Construction of amphitheater at Fossil and Prairie Park is underway
By Kelly Terpstra, email@example.com
There’s nothing like watching your favorite cinematic flick outdoors underneath a moonlight, starry sky.
Don’t forget the popcorn.
“Movie Night” at the Fossil and Prairie Park just outside Rockford is about to get an upgrade.
In what will be a new teaching and learning tool for Floyd County Conservation, an amphitheater is being constructed on the northwest corner of the Fossil and Prairie Center that overlooks a pond. The park has a movie night each year in late August and the amphitheater just might provide the perfect location to take in a motion picture.
“We’ll have an awesome view,” said Naturalist Heidi Reams. “It was always kind of a dream to get the amphitheater here.”
Jeff Otto, with Otto’s Oasis, started work a couple of weeks ago on moving the big boulders that comprise the sloped landscape. The outdoor arena will allow for a spectacular vantage point of the 60 acres of native prairie grass that includes several bodies of water where wildlife roam free and stop for a drink.
Reams said in addition to an overall improved aesthetic look of the park, the amphitheater will have several uses.
“This will be utilized as kind of like an outdoor classroom type of setting – a natural place to sit for kids and adult programs,” said Reams.
She said the amphitheater could be completed in about a month, depending on weather.
Huge limestone rocks make up a large portion of the amphitheater. Reams said some of those rocks will be smoothed over and form a curve around the outdoor auditorium. The large limestone rocks will be supported by grass steps and brick pavers will be constructed near the back door entrance of the center where a concrete slab used to be.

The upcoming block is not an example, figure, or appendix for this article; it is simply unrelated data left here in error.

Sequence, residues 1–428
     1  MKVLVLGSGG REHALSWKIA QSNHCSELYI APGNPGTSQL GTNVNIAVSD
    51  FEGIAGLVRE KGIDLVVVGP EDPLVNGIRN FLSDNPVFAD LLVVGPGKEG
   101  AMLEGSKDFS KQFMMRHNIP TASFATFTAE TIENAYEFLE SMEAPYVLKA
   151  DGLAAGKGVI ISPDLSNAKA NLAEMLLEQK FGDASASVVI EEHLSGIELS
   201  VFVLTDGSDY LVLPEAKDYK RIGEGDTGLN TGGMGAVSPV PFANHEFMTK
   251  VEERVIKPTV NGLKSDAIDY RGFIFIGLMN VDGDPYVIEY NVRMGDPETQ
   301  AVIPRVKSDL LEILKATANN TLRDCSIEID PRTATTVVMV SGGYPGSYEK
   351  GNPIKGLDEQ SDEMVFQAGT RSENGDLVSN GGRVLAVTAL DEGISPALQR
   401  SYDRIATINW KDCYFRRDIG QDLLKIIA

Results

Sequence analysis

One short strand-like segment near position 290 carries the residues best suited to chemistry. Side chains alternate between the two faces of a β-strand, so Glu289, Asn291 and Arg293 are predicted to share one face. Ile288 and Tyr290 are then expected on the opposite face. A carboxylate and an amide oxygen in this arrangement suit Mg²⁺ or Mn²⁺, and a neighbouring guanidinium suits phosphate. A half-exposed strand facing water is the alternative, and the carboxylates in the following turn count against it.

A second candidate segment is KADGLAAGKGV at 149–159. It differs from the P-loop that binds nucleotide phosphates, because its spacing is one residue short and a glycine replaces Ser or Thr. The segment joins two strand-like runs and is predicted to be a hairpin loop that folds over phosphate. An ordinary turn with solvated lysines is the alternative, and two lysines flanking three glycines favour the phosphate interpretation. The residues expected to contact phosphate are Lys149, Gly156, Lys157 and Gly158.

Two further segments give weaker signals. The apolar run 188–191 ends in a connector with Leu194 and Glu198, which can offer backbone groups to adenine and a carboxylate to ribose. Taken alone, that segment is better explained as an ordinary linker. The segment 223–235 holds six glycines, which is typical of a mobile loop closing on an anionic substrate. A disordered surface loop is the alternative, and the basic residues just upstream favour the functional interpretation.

“The pavers will allow it to filter down through and drain more than a solid structure will,” said Reams. “The down spouts on that side already go into the rain garden. So we’re already kind of directing the water where we want it to go.”
Reams said there is also a large, flat rock that will be used an elevated platform for a speaker to orate to a crowd or school group.
“I think it will be a great addition to our field trips that we have here,” said Reams.
She even said that the amphitheater could be used year round. Reams said she’ll take groups out during the winter to look for animal tracks or collect snowflakes.
“You never know. The uses are unlimited,” Reams added. “There’ll be something different for them to see every year.”
Donations helped fund a portion of the cost to build the amphitheater. Reams said some of the work done by Otto and his crew was slowed by rainfall. Right now the outdoor arena looks unfinished – with gravel and dirt taking center stage. Soon it should be a lush and vibrant outdoor area.
“You have to kind of make a mess in order to make progress,” said Reams.
There’s one more benefit for Floyd County Conservation workers when work is finished on the limestone configuration – break time.
“Staff is looking forward to having lunch out there once it’s finished,” Reams said, smiling.
In addition to the amphitheater, down by the beehive kilns near canoe and kayak access to the Winnebago River, a new restroom has been placed on the site.
“We’ve kind of been working on developing this area a little bit more – making it visitor friendly,” said Reams.
The waterless restroom is a prefabricated building that has vault or what are called pit toilets and a urinal.
“It’s the old outhouse type but it’s a sealed vault underneath it,” said Reams.
There is also solar-paneled lighting inside the men’s and women’s restrooms. A solar panel sits on the roof of the building – which is made of concrete but has the look of wood siding.
“We bring a lot of school groups down here. So this is kind of one of the furthest locations to get to. There’s always someone that needs to use the restroom when we get down here,” said Reams.
It’s been just over a year that heavy winds uprooted 40 mature cottonwood trees near the kilns.
“They were just laid down like dominoes,” said Reams.
The 70 to 80 mph winds created by the storm also destroyed a historic log cabin at the park and caused other damage as well. Reams said trees were replanted to replace the ones that had to be removed.
The kilns were operated by the Rockford Brick and Tile Co. and stopped production in 1976.